From “Beez in the Trap” to “Trap Queen“, trapping has become a part of mainstream and popular English slang nowadays. Lots of native speakers are now getting used to this fun little word. But what about all my learners out there? Do you know what a “trap” is? We’ll take a look and explain what this word is and how to use it. To do that, we’ll read some dialogues with our favorite character, Charles. (To find other short stories and dialogues where I explain English expressions, check out Adventures of Charles) All set? Here we go …
First of all, the trap can refer to a place. Normally, a “trap” is a situation or device used to trick someone or capture something. Think of a mousetrap used to catch mice. Well in slang, the trap has been used a lot to talk about a place, sometimes an actual house (trap house), where drug deals happened. I know, that’s a little dark. It’s also been used to talk about a place where any illegal activities and transactions happen on a regular basis.
On a similar tone, sometimes it’s used to talk about the “hood” or lower-class neighborhoods in general. That’s probably because these kinds of neighborhoods have usually been where you could find a trap house. Now, the whole block is considered a “trap.” This is also where you get names like trap queen and trap music, now a whole subgenre of hip hop.
One thing had been on Charles’s mind for the longest time: Sheila. But he’d heard some rumors about her that he wanted to clear up. One man knew more about Sheila than anybody else, and Charles was in the neighborhood to find him.
Charles — Okay, I hope this is the right stop. Goodness, what is this place? It’s so dirty and empty. I better find this guy soon … before it gets dark.
A boy from the neighborhood came up to Charles, noticing he was kind of lost.
Local boy — Hey, yo. What’s your name? You looking for the trap or what?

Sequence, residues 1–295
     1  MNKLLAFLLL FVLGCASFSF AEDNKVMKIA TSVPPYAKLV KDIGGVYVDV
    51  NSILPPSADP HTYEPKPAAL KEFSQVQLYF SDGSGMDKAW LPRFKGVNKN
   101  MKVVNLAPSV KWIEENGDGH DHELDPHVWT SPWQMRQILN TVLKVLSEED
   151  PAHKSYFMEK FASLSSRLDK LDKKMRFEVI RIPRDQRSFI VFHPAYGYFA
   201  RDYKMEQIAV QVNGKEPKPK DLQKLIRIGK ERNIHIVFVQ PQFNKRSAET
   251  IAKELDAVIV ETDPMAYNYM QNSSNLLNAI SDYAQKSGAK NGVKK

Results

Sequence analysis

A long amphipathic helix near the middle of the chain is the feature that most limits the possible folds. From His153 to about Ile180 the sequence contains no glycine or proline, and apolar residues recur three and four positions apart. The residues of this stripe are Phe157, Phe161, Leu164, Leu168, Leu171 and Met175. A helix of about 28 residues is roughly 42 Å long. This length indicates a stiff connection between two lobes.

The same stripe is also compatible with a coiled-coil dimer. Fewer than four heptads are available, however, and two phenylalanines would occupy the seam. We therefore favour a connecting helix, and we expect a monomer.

- Are you looking for the drug house, looking to buy some illegal things?
Charles — Who, me? No. I mean, sorry. I’m not from around here. I’m just looking for somebody.
Local boy — I figured, cuz I ain’t ever seen you around here before. Why you look all scared? You never been to a trap before?
- Haven’t you ever been to a hood, a ghetto, a poor neighborhood before?
Charles’s nervousness was showing all over his face.
Charles — No, I mean … I don’t know. I didn’t know there were places like this in this city. It’s so different. Just trying to find somebody.
All illegal activity aside, nowadays a trap can also be a place where one makes their money or just spends their time. It’s a bit more sarcastic used this way though. The idea is still of a place or situation that is hard to get out of. Trap is also used to refer to trap music in general, in the sense of “listening to trap.”
Local boy — I could help you find “somebody.” You know her name? What street is she on?
Charles — Oh, no, it’s a he. I’m looking for this rapper or singer or whatever– He records at the studio on Wilmington Ave.
Local boy — Oh, dang. He doesn’t owe you anything, does he? That boy is so bad at paying people back.
Charles — No, no. I need to talk to him about a girl. Sheila. They record together.
Local boy — Ahh, okay! You’re talking about Lil B Dowry, that old trap rapper from down past the alley.
- That rapper who makes trap music.
Charles — You know him?
Local boy — Yeah, I know who he is. If he’s not at the trap right now, he’s probably at home. Want me to take you over?
- If he’s not at work, at the place where he makes money.
He thought for a second. Then Charles gave the boy a nod, and they started walking down the street, around the corner, and past the alley.
This is basically the verb version of the above. Just like how “trap” in regular usage can be a situation/device and an action, “trap” in slang can also be an action. More often than not, people refer to the action as trapping. Trapping is used a lot to talk about making illegal transactions, especially dealing with drugs. But you’re all saintly people, so you won’t need to use it like that 😉